Richard Horwell

Interest in starting a food and beverage brand has increased during lockdown and 2021 is already set to be a bumper year for new releases. Richard Horwell of Brand Relations.

When I was at school my classmates mostly wanted to work for a bank or the public service as it was a safe secure job; these days everyone heading into the workforce wants to be their own boss. Creativity is at its best in the UK and since COVID-19, with many employed people having decided to change their career path and go into a recession-proof industry such as food and drink.

You may have an exciting idea for a new product, however, starting a food or drink company isn’t easy.

If you see a mass of products in a category such as kombucha or energy drinks, then chances are you have missed the boat and the only way to get into this category is by being cheaper or throwing more money at your brand than the competition - neither of which I recommend. 

Instead, you need to have a point of difference (POD); something that others aren’t doing and is clearly a direction for the market. The trend now is very much ‘health, taste and low or no sugar’ - even more so since COVID19 as everyone wants to get healthy and fight off potential viruses or illness.

So, here are the steps you need to follow before investing any money in your new food or drink idea:

1. Market research

When clients come to us we often discover that they know very little about the competition in the category they are planning to enter. The more established a category is - such as energy drinks - the harder and more expensive it will be to make any inroads.

Don’t just look in the UK, research the rest of the world. You can learn a lot from other brands' mistakes and get some great ideas from the flavours they used. You can understand their messaging to their audience, how well they are selling in their market, and their retail price.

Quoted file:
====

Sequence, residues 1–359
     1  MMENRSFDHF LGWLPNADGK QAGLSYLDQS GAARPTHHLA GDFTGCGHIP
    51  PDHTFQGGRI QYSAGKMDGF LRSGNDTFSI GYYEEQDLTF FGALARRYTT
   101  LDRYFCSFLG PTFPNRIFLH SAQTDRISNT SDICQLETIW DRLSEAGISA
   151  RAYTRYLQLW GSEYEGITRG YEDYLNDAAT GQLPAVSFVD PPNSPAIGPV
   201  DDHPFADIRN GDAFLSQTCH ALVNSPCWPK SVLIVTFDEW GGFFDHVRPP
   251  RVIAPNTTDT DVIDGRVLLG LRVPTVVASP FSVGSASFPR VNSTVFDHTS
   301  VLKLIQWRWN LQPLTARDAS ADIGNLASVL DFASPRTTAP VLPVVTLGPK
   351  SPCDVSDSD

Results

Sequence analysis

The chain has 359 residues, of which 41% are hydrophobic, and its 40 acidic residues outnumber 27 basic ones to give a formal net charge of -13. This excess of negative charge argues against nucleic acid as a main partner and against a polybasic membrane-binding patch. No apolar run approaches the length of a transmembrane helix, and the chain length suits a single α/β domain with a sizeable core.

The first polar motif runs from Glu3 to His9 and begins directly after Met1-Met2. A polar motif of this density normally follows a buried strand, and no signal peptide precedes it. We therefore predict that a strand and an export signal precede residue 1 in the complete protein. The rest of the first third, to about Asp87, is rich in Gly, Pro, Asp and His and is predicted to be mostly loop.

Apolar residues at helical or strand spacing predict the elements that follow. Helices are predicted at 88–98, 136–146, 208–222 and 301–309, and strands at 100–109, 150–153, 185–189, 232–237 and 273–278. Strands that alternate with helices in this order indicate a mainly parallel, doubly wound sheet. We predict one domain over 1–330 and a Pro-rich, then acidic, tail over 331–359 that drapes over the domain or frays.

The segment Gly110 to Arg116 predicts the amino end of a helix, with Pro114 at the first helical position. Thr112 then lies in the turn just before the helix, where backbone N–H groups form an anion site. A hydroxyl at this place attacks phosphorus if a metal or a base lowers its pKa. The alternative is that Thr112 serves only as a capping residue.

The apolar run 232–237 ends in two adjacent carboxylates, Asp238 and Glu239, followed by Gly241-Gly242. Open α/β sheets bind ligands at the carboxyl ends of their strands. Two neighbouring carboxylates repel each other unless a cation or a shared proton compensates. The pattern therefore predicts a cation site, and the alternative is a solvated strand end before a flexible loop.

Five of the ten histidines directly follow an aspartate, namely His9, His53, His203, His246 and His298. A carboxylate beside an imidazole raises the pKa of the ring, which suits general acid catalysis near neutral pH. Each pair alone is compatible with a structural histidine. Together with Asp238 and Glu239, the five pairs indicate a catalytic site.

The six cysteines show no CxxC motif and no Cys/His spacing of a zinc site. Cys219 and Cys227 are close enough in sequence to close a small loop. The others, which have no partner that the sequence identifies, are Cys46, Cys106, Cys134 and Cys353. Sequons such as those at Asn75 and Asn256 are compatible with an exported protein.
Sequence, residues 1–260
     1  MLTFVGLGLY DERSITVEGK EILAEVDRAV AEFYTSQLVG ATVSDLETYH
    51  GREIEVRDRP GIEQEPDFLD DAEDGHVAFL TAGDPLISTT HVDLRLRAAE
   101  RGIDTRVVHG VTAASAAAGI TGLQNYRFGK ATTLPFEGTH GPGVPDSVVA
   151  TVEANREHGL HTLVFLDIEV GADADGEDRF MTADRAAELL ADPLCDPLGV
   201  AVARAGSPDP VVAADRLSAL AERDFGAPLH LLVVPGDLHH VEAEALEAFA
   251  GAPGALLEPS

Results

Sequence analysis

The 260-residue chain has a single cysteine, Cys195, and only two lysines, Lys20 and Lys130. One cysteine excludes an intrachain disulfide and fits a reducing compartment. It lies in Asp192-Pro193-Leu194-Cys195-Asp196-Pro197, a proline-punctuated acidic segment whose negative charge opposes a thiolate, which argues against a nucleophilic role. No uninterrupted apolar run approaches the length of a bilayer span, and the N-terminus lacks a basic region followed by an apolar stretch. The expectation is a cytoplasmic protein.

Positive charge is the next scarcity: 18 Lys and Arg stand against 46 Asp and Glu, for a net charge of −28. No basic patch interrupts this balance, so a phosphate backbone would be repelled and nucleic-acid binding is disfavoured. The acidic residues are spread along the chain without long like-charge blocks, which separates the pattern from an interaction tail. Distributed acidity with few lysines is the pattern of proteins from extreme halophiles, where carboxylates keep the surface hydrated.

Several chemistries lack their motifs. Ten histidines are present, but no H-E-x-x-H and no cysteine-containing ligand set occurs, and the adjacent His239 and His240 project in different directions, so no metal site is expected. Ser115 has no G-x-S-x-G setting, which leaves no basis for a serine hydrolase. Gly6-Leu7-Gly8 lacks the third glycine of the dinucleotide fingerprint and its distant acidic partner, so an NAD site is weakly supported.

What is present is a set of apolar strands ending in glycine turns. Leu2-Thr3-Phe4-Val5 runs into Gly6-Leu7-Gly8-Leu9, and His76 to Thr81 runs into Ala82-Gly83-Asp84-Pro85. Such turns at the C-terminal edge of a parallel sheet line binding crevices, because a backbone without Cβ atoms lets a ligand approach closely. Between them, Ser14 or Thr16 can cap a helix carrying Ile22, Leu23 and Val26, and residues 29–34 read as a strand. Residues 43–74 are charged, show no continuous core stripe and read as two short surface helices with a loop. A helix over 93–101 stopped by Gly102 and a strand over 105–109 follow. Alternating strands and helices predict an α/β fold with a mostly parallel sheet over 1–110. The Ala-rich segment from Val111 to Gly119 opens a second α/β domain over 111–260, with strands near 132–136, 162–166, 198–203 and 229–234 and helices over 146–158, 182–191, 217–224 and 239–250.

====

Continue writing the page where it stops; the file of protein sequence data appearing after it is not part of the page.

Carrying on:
I once heard a conference speaker talking about ‘ways to fail’. His basic message was don’t take money from a successful business and invest in something you know nothing about. That’s a sure way to fail. So, do your research!

2. Point of difference (POD)

Think hard about your offering and why it will stand out. There‘s been a lot of innovation in the drinks category over recent years. Many small brands have become big brands and even taken on the likes of Coca Cola - so much so, that the big players have spent millions to acquire them.

But to stand out from the crowd you must have a POD so that your target audience will cross the road to buy your drink. Creating a following is what makes your brand attractive to the big players to buy in the long term; they want your audience. 

A point of difference is not just a funky flavour or more eye-catching packaging. It is being unique. Blending ingredients that others have not thought of before and making sure it tastes great.